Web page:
About the AR/VR Studio
The AR/VR Studio is a resource for any full-time, degree-seeking Harvard students working on projects and developing ventures in the augmented, virtual, and mixed reality spaces. The AR/VR Studio is equipped with technologies that include various software and design platforms, multiple headset configurations, workstations, and filming resources to help students experiment and create innovations in a wide range of industries.
There are several ways that you can use the space:
- In order to use the space, you must participate in a one-hour training session.
- To learn more about specific AR/VR subjects, join workshops on topics such as 3-D development, Unity, augmented reality, storyboarding, and production. (These occur daily at 4:00 pm.)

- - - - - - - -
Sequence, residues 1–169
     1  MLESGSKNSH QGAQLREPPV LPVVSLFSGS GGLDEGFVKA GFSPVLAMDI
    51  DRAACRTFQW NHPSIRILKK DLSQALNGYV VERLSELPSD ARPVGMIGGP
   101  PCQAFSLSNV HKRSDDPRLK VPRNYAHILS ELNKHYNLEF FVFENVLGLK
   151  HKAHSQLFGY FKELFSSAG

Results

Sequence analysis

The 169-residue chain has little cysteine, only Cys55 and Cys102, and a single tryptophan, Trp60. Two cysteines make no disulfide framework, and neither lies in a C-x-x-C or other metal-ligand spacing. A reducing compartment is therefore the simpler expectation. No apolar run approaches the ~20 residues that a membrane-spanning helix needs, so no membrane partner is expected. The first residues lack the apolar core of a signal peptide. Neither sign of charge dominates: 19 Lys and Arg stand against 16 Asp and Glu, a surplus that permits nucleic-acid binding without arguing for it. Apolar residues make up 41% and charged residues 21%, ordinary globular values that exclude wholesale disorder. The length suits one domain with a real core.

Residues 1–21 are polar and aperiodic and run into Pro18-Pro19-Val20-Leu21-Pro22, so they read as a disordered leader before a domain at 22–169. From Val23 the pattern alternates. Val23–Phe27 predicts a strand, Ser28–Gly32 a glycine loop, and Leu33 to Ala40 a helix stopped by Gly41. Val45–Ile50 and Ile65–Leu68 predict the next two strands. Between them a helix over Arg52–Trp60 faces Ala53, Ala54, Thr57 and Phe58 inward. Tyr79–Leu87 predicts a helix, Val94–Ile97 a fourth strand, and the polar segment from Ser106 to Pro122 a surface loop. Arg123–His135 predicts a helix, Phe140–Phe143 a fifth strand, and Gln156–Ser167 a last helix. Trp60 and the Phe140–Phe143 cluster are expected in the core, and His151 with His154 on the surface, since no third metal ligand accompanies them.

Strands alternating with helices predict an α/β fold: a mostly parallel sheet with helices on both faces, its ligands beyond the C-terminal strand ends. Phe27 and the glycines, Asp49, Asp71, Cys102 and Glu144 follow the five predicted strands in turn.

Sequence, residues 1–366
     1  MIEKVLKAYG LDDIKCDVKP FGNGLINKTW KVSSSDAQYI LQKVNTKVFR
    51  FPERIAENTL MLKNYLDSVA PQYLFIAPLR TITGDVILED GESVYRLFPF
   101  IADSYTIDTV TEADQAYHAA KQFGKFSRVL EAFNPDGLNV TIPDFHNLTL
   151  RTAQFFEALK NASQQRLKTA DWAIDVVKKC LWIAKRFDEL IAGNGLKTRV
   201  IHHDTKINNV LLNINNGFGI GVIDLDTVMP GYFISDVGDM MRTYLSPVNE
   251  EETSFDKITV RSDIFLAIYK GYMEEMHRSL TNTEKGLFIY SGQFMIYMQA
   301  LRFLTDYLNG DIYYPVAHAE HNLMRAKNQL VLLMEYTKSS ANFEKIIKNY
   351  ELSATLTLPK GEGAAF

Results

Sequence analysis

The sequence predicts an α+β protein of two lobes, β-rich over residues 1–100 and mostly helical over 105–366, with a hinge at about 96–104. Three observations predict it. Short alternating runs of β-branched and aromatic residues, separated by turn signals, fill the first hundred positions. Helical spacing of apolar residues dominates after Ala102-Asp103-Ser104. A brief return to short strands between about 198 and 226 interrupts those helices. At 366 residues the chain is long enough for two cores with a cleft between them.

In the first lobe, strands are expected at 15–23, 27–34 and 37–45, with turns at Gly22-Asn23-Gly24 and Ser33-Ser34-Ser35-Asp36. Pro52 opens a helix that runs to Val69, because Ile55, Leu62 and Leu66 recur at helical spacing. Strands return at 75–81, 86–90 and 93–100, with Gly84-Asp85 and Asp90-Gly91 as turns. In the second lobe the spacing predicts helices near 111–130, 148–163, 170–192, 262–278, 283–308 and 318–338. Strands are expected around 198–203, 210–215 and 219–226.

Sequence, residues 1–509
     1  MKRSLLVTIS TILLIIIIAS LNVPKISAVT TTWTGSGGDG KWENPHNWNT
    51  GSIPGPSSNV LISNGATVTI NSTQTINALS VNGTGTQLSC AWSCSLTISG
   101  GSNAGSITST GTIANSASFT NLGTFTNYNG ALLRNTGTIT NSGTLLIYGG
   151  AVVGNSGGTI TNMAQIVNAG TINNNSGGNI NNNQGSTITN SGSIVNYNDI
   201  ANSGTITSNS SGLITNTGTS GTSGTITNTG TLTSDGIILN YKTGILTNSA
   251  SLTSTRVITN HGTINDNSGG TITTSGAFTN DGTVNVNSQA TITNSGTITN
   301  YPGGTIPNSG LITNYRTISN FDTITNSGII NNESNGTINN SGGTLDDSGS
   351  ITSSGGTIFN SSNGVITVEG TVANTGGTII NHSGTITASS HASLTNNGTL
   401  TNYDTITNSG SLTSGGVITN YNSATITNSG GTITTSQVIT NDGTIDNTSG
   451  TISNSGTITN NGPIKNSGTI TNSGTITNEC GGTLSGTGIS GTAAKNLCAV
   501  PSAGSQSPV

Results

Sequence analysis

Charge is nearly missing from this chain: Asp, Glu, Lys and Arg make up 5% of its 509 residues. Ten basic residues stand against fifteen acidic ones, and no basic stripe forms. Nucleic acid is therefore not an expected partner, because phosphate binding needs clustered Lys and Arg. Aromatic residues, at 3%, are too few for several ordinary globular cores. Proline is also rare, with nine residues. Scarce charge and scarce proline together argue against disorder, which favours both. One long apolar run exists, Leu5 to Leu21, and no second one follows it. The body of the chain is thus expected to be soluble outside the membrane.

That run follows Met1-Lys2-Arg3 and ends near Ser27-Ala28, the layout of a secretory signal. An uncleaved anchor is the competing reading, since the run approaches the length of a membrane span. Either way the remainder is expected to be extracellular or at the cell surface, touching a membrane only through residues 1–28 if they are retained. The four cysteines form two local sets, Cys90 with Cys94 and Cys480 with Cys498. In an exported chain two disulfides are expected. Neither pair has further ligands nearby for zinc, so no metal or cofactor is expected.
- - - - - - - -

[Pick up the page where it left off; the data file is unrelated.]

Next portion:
- New to AR/VR? Join us on Mondays for an opportunity to trial, test, and play with the software and hardware.
AR/VR software, hardware, and related devices available for use include:
- Alienware workstations
- The HTC Vive
- Oculus Rift and Touch
- PlayStation VR
- Samsung Gear
- Google DayDream View
- Microsoft Hololens
- 3-D and 360° cameras
- Software from Unity and Unreal
- Other production software
Meet the people who can help answer some of the AR/VR questions you may have, from inquiries about equipment to how to build a venture in the space. Some staff members also lead the training sessions which you can sign up for here.
Harvard’s Role in the History of AR/VR
Virtual reality — and the related fields of augmented reality and mixed reality — has its foundational roots at Harvard. From 1965 to 1968, Ivan Sutherland, an Associate Professor of Electrical Engineering at Harvard, helped create the first virtual reality and augmented reality head-mounted display system, named “The Sword of Damocles.” Today, across Harvard, AR, VR, and MR technologies are being leveraged in new and unique ways by students, researchers, faculty, and more. We want to give the students who are ideating around this as broad a playground to play in as can be imagined.